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PLoS One. 2013 May 2;8(5):e62508. doi: 10.1371/journal.pone.0062508. Print 2013.

Distinct structural features of G protein-coupled receptor kinase 5 (GRK5) regulate its nuclear localization and DNA-binding ability.

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1
Medical Research Council Laboratory for Molecular Cell Biology and Department of Neuroscience, Physiology and Pharmacology, University College London, London, United Kingdom.

Abstract

G protein-coupled receptor kinases (GRKs) act to desensitize G protein-coupled receptors (GPCRs). In addition to this role at the plasma membrane, a nuclear function for GRK5, a member of the GRK4 subfamily of GRKs, has been reported. GRK5 phosphorylates and promotes the nuclear export of the histone deacetylase, HDAC5. Here we demonstrate that the possession of a nuclear localization sequence (NLS) is a common feature of GRK4 subfamily members (GRKs 4, 5 and 6). However, the location of the NLS and the ability of these GRKs to bind DNA in vitro are different. The NLSs of GRK5 and 6 bind DNA in vitro, whilst the NLS of GRK4 does not. Using mutants of GRK5 we identify the regions of GRK5 required for DNA-binding in vitro and nuclear localization in cells. The DNA-binding ability of GRK5 requires both the NLS and an N-terminal calmodulin (CaM)-binding site. A functional nuclear export sequence (NES), required for CaM-dependent nuclear export of the kinase, is also identified. Based on our observations we propose a model to explain how nuclear localization of GRK5 may be regulated. Notably, the nuclear localization of GRK5 and 6 is differentially regulated. These results suggest subfamily specific nuclear functions for the GRK4 subfamily members. Identification of GRK specific small molecule inhibitors of nuclear localization and/or function for the GRK4 subfamily may thus be an achievable goal.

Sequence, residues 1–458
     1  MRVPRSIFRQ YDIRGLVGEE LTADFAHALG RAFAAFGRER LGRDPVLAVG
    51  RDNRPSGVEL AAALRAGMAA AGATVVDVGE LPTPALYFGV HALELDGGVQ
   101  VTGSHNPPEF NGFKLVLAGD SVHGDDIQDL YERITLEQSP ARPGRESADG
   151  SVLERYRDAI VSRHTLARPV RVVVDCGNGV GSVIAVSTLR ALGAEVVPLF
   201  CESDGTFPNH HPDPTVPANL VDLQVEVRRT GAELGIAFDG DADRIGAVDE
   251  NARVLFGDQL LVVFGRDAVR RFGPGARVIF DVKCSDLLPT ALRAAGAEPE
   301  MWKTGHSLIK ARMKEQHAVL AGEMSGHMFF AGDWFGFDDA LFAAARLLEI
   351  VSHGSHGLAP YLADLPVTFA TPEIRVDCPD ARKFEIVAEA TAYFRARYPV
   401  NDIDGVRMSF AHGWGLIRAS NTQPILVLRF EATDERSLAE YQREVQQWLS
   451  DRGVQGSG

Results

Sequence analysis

PMID:
23658733
PMCID:
PMC3642199
DOI:
10.1371/journal.pone.0062508
[Indexed for MEDLINE]
Free PMC Article
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